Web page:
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UNICEF Estimate Of Female Genital Mutilation Up By 70 Million

And 60 million of the cases are in Indonesia, which was added to the survey for the first time — evidence that FGM goes far beyond Africa and the Middle East.

Sorry, Sushi Burrito: Japanese Program Certifies Authentic Cuisine

In a world of Big Mac sushi and Cajun rolls, Japan is launching a new program to certify the 89,000 Japanese restaurants outside the country that uphold traditional washoku cuisine values.


Video Seems To Show Somali Airport Workers Had Role In Plane Bombing

CCTV footage seems to show airport workers handing off a suitcase to the bomber, who was the only casualty in the attack. He was sucked out of a hole in the side of the plane.
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Yann Martel: "The High Mountains of Portugal"

The best-selling author of "Life of Pi” on his new novel. Three connected tales set decades apart in Portugal about love, grief and faith. A quest to find an old crucifix, a surreal ghost story, and a fable about a chimpanzee.


Hold Your Nose And Take A Bite: The Odd Appeal Of A South Korean Fish Dish

Hongeo is skate fermented in its own urine and served sashimi-style. Despite its powerful ammonia smell, it's a beloved delicacy in parts of South Korea, and a vital part of the local fishing economy.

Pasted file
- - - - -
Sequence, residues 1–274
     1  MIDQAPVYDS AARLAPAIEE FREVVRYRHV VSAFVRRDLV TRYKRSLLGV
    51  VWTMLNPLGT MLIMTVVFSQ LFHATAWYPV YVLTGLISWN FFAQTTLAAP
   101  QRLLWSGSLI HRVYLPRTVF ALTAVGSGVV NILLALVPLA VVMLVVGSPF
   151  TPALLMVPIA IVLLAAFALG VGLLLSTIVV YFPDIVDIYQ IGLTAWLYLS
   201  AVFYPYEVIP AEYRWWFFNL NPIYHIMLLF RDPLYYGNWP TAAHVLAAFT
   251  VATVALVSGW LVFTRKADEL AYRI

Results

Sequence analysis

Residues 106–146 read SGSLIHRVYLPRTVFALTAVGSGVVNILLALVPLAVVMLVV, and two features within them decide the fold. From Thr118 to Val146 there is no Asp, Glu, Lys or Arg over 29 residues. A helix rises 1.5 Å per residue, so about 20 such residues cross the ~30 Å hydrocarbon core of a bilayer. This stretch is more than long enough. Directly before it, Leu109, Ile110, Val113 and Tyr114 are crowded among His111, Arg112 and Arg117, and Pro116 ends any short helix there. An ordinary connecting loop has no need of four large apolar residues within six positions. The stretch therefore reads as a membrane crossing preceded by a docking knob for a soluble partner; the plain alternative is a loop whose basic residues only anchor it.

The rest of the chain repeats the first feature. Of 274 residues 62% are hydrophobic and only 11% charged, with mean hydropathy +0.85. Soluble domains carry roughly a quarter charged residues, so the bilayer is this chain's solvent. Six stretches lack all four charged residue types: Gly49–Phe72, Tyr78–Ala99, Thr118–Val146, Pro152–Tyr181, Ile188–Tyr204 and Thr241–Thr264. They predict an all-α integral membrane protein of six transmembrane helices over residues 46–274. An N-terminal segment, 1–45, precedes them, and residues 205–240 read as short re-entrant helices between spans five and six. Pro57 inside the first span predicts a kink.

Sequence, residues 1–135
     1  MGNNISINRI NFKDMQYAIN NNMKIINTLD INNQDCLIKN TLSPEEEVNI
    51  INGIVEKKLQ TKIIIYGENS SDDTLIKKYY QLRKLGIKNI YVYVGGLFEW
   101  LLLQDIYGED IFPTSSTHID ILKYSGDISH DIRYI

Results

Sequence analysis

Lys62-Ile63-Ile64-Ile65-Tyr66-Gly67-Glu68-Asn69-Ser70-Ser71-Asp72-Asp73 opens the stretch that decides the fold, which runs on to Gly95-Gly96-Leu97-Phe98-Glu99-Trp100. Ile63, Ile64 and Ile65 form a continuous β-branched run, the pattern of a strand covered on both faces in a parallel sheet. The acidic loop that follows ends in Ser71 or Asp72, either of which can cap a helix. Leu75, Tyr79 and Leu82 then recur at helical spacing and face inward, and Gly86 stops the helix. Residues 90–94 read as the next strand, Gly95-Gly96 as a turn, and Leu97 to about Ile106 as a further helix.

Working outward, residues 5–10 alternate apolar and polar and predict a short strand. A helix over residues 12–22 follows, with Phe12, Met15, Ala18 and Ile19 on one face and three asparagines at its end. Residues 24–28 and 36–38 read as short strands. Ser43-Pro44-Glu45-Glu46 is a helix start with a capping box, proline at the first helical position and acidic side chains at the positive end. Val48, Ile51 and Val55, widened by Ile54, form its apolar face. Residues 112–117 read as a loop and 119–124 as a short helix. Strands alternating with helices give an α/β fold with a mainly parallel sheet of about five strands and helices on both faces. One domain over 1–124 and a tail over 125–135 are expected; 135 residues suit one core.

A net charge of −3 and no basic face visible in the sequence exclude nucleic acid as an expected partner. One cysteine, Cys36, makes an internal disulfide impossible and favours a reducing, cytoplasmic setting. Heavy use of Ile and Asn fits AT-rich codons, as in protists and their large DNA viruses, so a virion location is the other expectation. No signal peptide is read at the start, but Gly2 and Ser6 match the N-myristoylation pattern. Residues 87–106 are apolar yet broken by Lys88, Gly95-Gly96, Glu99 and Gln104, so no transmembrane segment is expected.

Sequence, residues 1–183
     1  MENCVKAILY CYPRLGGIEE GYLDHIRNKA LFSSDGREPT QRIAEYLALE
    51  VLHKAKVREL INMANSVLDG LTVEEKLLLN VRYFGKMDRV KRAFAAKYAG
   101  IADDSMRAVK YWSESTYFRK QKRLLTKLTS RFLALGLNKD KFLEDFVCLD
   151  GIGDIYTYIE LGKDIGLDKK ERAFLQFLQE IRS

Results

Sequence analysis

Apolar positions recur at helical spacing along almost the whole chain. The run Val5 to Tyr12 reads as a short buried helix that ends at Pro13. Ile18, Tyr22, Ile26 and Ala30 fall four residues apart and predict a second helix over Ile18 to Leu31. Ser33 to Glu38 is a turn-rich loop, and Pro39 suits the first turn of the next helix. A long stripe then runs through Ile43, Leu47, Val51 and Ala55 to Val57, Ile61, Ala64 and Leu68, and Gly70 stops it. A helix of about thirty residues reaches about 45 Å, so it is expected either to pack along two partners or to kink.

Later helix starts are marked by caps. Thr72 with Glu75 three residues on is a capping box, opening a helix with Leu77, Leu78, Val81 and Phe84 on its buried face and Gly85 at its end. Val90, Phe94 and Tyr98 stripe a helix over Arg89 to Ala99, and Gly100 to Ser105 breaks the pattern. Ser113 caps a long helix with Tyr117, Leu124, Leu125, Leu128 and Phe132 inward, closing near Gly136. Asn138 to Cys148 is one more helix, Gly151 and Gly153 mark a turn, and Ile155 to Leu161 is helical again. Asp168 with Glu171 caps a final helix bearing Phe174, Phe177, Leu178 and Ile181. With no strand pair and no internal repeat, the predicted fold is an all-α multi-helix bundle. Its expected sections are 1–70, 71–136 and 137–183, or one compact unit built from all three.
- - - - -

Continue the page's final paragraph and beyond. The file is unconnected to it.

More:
Dozens Of Migrants Die After Boat Capsizes Off Of Turkey's Coast

The boat had been heading for the Greek island of Lesbos, reportedly taking a new route to avoid "intensified security measures to prevent migrant crossings."

Photos Of Cans Inside Taiwan Building's Pillars Help Spur Call For Safety Reviews

Dozens of people are still missing — but some survivors were still being pulled from rubble some 60 hours after the quake. Nearly all of the 38 reported deaths occurred in one building.

Old Mouse Trap Still Works Just Fine

The Museum of English Rural Life in Britain has artifacts on display including a 155-year-old mouse trap. There was no bait, but a mouse wandered in, got stuck and died.

North Korea Launches Rocket Believed To Be Long-Range Missile Test

Renee Montagne talks to MIT professor Theodore Postol about North Korea's nuclear capabilities, and assesses the level of danger the weekend rocket launch poses to the rest of the world.

Why The U.S. Still Has No Viable Alternatives To Russian Rocket Boosters

When it comes to launching top-secret military satellites, the Pentagon relies almost entirely on rocket engines made in Russia. The U.S. has been using Russian rocket boosters for the past 2 decades.